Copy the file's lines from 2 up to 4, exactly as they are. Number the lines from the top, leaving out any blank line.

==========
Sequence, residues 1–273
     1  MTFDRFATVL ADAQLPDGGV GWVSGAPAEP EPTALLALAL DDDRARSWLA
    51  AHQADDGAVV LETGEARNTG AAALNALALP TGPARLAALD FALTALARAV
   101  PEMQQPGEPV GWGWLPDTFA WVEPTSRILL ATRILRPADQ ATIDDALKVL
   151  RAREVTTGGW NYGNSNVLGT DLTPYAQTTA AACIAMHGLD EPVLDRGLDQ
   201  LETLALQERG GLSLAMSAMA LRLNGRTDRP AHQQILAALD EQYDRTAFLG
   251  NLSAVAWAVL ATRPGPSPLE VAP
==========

     1  MTFDRFATVL ADAQLPDGGV GWVSGAPAEP EPTALLALAL DDDRARSWLA
    51  AHQADDGAVV LETGEARNTG AAALNALALP TGPARLAALD FALTALARAV
   101  PEMQQPGEPV GWGWLPDTFA WVEPTSRILL ATRILRPADQ ATIDDALKVL